Contemporary brass, electronics and percussion bandclick to share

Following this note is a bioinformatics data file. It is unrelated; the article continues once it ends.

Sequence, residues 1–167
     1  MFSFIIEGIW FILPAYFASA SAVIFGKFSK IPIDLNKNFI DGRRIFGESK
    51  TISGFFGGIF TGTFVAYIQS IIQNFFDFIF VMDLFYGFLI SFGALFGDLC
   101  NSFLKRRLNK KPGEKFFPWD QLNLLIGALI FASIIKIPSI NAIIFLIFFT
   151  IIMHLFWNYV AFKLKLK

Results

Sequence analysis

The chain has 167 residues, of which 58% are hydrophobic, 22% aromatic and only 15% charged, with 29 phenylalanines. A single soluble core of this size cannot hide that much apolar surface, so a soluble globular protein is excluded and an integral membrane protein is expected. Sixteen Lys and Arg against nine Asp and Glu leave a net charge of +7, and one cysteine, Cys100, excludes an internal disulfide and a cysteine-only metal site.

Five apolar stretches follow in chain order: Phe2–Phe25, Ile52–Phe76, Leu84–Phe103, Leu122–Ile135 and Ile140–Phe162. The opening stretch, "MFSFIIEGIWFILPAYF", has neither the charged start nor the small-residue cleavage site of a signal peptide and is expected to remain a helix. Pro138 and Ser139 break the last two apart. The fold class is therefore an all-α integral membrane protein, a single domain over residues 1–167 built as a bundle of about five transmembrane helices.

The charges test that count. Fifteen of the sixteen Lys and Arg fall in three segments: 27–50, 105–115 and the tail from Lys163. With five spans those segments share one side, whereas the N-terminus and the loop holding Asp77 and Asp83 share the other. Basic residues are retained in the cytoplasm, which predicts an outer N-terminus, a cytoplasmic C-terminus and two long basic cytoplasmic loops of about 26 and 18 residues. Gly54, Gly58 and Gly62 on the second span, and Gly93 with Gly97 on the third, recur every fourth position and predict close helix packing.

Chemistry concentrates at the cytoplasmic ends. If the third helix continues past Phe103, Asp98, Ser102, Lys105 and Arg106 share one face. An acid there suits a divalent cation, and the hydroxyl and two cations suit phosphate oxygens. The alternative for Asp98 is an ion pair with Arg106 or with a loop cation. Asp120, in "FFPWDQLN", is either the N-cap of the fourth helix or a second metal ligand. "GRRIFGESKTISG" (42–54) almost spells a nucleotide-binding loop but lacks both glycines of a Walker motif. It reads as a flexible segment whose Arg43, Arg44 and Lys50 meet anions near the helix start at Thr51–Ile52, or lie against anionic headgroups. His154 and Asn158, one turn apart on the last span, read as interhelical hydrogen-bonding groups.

Since the release of Hackney Colliery Band’s eponymous debut album in 2011, the East London collective have blown their way into the public consciousness with their genre-bending combination of brass, reeds, percussion and electronics, firmly establishing themselves as one of the most exciting live bands in the UK. Performing at numerous venues, festivals and clubs around the world, including a recent sold-out show at the Scala as part of the London Jazz Festival, Hackney Colliery Band have been busy in the studio, developing a more mature and polished sound, and are pleased to announce the release of new album ‘Collaborations: Volume One’ – their first new material since the critically-acclaimed ‘Sharpener’ in 2016. It’s already been an incredible journey for this talented group of musicians. From playing a 45-minute set at the Closing Ceremony of the London 2012 Olympics and sets at the MOBO, Brit and Mercury Awards to live sessions on BBC Two, BBC Radio 2, Jazz FM and worldwide airplay from many more, from collaborations with the likes of Amy Winehouse and Madness to selling out venues across London including KOKO and The Forum, to a European tour, Hackney Colliery Band have not stopped. “It’s hard to believe that 2019 is our tenth anniversary, but now we’re ten years older it felt like the right time to get back to our jazz roots. It’s been such a privilege to work with so many of our musical inspirations both old and new on this record, and we’re super excited to be ushering in the next ten years with this new collaborative spirit: this is called ‘Volume One’ for a reason…”, says bandleader Steve Pretty. Featuring collaborations with a host of key names in jazz and world music including amongst others the father of Ethio-jazz Mulatu Astatke, British jazz funk legend James Taylor, trombonist Dennis Rollins, UK saxophonist Pete Wareham and Beninese singer-songwriter and Grammy Award-winner Angélique Kidjo, Hackney Colliery Band have effortlessly transformed their explosive live energy into 11 original recordings that push the groove and form in an accomplished manner. On ‘Collaborations: Volume One’, writers Steve Pretty, Olly Blackman and Luke Christie have between them penned the outfit’s most dynamic material to date. ‘Mm Mm’ (feat. Angélique Kidjo and Roundhouse Choir) merges Beninese grooves with wah pedal trumpet textures, and the rousing call-and-response between Kidjo’s soaring vocal and the exhilarating choir adds a richness and depth to the composition. On ‘Snowfire’, innovative Norwegian pianist Bugge Wesseltoft brings a euro/nu-jazz feel to the album, while Dennis ‘Funkybone’ Rollins’ adds his trademark virtuoso trombone to the carnival-flavoured ‘Ricochet’. There’s an energy, respect for tradition and the exuberance of London in Hackney Colliery Band’s work, best exemplified in the evocative and downright thrilling James Taylor collaboration ‘Hypothetical’, with Taylor’s Hammond organ recalling the Acid Jazz era in which he made his name. New single ‘Netsanet’ (feat. Mulatu Astatke) is a deep exploration of Mulatu’s trademark Ethio-jazz, while ‘Crushing Lactic’, composed by Tom Rogerson (fresh from a recent collaboration with Brian Eno) has a frenzied flow, with big horns and driving rhythm section. Elsewhere, Pete Wareham (stalwart of the London jazz revival) lends his free-flowing sax to ‘What’s Gone Before’, leading us into a powerful communion of jazz and brass as Mulatu Astatke’s ‘Derashe’ takes the listener down a vibrating rhythmic path while accompanied by blasts of horns and Mulatu’s trademark vibraphone. Furthermore, two spoken word compositions (‘Why Yellow’ and ‘Climbing Up My Own Life Until I Die’) featuring York born writer and comedian Rob Auton lend an introspective voice to ‘Collaborations: Volume One’. A band never content to rest on its laurels, Hackney Colliery Band already have a number of collaborations in the works for ‘Volume Two’, and with further live shows planned for 2019, including the album launch at the famous Ronnie Scott’s Jazz Club, 2019 looks set to be HCB’s biggest year yet, both live and on record.